exports.entryPROD[name] = [path.join(__dirname, "../src/build.js"), PATHS[name]];

You mean you’re loading main.scss a second time but with certain variables set differently? Then there’s no way around including it twice I think – the SASS variables being resolved at built time, it will actually result in different CSS. What you might do though is only load it once in your main entry point, and use actual CSS variables that you can overwrite per component… e.g.

/* In your main CSS */
:root {
  --color: red;
}

p {
  color: var(--color);
}

/* In your component CSS */
.my-component {
  --color: blue;
}

This won’t work in IE though and is hard to polyfill – the solutions doing that are using JS to re-parse the CSS. I have not tried supporting CSS variables in IE myself, so I’m not sure how well that works.

Another possibility to reduce the bundle size would be refactoring your SASS to strictly separate variables (plus related mixins / placeholders) from the parts actually producing output, so you’ll only get the relevant parts generated again.

It’s only importing it twice right now because I can’t find a way to NOT have it import once, and also set color variables.

The last line of code is what I mean. I could update it to

exports.entryPROD[name] = [path.join(__dirname, "../src/build.js"), PATHS[name]];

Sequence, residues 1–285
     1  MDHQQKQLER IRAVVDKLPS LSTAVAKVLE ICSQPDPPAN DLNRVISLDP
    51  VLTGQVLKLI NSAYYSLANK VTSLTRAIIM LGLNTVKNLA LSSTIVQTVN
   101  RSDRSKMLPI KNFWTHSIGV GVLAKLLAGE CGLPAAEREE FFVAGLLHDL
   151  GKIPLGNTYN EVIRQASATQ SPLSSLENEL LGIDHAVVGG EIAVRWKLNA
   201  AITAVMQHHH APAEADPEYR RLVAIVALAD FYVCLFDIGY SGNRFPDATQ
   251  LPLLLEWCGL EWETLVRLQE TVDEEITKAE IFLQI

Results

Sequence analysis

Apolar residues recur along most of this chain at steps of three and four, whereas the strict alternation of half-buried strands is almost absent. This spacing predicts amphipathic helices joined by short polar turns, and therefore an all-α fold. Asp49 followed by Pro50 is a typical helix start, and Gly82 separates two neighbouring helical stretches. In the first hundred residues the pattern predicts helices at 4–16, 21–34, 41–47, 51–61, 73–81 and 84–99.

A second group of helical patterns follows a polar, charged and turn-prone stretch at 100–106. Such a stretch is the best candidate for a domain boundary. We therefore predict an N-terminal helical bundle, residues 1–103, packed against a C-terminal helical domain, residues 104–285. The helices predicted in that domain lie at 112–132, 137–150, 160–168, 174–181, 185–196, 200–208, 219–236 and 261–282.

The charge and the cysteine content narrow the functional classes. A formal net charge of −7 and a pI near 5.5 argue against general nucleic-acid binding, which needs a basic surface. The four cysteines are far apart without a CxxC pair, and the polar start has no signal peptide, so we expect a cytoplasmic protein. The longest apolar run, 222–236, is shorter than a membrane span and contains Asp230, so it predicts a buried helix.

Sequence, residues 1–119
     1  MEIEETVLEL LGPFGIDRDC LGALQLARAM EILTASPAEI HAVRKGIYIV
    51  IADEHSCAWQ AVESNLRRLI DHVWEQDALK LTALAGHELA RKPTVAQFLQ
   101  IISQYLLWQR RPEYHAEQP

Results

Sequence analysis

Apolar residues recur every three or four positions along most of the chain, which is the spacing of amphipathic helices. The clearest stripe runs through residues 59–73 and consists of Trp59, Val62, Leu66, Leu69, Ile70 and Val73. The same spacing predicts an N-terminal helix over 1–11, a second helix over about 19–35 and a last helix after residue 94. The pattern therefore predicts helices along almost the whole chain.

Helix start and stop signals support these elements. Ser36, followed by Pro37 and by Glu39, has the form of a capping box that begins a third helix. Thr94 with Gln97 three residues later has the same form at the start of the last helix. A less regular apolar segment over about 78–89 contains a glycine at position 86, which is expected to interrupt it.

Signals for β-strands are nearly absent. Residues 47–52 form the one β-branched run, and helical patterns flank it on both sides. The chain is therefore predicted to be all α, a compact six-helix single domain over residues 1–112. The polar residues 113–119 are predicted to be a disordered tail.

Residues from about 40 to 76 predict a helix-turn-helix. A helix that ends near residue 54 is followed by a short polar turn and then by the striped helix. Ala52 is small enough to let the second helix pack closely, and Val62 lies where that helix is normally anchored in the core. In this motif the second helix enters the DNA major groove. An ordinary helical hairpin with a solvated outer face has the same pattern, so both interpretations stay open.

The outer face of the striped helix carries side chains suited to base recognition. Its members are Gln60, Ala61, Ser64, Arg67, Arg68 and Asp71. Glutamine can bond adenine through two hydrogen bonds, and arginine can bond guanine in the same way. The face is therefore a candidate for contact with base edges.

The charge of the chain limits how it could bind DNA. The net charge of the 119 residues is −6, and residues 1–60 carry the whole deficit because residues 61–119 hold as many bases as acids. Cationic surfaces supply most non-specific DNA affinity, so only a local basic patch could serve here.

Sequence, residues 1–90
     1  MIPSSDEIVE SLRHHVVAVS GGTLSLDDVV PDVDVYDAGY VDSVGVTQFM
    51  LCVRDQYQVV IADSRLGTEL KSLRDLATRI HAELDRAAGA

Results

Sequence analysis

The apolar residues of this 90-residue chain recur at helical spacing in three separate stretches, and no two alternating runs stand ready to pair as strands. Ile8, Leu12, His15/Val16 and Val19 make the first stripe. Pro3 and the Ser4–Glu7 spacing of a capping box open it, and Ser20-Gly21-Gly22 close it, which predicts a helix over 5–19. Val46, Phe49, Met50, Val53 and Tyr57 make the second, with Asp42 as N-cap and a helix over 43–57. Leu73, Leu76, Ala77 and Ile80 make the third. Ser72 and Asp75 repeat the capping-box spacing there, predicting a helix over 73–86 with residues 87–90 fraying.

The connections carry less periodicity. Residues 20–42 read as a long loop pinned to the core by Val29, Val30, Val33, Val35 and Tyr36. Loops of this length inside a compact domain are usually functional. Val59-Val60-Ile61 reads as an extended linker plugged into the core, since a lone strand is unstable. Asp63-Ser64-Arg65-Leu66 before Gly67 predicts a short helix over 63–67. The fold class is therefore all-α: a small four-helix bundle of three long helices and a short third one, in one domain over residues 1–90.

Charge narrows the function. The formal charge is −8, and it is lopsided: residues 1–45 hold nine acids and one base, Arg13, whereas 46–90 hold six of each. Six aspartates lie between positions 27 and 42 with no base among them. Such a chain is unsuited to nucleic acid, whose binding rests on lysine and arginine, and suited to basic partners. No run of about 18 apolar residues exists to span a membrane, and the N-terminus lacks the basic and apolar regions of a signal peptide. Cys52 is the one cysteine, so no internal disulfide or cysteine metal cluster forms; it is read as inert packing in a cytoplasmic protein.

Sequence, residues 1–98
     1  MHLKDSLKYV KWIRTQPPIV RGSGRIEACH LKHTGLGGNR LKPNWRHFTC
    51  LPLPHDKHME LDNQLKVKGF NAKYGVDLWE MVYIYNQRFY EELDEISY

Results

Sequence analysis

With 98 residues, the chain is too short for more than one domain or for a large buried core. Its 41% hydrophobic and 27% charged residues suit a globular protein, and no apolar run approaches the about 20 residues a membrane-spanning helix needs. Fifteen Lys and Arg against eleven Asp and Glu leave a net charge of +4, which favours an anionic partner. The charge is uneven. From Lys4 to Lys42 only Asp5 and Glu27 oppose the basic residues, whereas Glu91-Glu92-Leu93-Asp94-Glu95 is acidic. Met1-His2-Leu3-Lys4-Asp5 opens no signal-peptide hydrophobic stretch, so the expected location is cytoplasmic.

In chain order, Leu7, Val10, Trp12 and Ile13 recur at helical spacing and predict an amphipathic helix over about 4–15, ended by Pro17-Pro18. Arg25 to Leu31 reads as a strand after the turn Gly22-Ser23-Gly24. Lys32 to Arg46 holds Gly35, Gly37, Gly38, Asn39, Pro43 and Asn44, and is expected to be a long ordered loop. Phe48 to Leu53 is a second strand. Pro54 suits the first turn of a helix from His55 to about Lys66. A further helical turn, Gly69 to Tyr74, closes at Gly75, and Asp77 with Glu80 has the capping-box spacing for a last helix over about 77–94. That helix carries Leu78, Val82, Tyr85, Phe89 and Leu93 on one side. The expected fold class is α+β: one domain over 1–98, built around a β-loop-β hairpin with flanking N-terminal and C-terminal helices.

…instead of only [PATHS[name]] BUT then the variables don’t update (presumably because they are being resolved separately). I am looking to avoid major rewrites (aka your suggestion, sorry :frowning: ) . Thank you :slight_smile: .

Hm okay, so just that I properly understand the issue: you have SASS files looking something like this:

main.scss

$color: red !default;

p {
  color: $color;
}

school.scss

$color: blue;
@import './main.scss';

And the JS files:

index.js

require('./main.scss')
require('./school')

school.js

require('./school.scss')

So you have to

  • @import './main.scss' inside scool.scss because otherwise the variables inside main.scss won’t get set, and
  • also require('./main.scss') inside index.js because school.js may or may not be part of the build.

If this is the case then you could specify the entry array accordingly:

module.exports = (env = {}) => ({
  entry: env.subsites
    ? ['./src/index.js', './src/school.js']
    : ['./src/index.js', './src/main.scss'],
  // ...
})

Then you can get the desired output with the --env flag like so:

$ yarn webpack
# main.css: p{color:red}

$ yarn webpack --env subsites
# main.css: p{color:blue}

Here’s a most minimal setup, feel free to fork if this doesn’t describe the problem accurately… it’s a bit hard to tell / reproduce with just fragments of (possibly even unrelated) code y’know. :-)

index.js calls all of the Javascript for the build. Not main.scss and school.

Your first assumption is correct. Your second is incorrect. School1.js gets called (as of right now) because that’s how main.scss ultimatey gets imported (through school1.scss).

I don’t think we are using yarn, and also I think we need to cement your understanding of how my webpack works. Do you think you understand now? This below is a message I sent to a colleague but it might plug some gaps in the knowledge of how my webpack works.

fir> st let me explain how i understand the webpack build to work